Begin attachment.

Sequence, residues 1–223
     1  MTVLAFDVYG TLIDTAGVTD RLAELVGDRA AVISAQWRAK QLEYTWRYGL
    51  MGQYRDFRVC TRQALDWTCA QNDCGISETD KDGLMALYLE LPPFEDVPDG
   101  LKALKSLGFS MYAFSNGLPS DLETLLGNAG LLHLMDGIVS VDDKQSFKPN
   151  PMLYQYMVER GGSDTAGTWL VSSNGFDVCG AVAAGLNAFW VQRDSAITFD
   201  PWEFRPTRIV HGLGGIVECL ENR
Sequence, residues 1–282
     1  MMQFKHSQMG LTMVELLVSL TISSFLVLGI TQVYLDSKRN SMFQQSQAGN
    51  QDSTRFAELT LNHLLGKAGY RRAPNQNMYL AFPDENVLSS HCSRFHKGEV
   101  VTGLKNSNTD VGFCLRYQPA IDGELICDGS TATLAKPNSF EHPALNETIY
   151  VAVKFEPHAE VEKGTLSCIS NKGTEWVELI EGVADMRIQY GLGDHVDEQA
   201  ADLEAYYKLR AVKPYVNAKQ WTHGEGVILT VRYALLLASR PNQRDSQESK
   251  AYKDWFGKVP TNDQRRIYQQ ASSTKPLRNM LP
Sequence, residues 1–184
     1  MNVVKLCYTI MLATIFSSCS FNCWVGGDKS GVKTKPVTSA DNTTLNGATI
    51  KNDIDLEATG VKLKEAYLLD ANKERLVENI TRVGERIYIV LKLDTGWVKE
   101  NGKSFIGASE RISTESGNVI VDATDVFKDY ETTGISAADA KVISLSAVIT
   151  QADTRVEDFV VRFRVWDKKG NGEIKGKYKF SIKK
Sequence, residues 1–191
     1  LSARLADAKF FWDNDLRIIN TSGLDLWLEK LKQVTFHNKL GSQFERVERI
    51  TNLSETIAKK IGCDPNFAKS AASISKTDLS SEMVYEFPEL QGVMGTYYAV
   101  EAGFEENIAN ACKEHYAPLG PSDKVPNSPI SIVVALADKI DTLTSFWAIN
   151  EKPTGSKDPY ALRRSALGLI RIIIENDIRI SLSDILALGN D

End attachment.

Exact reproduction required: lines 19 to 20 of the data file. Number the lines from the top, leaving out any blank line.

Sequence, residues 1–191
     1  LSARLADAKF FWDNDLRIIN TSGLDLWLEK LKQVTFHNKL GSQFERVERI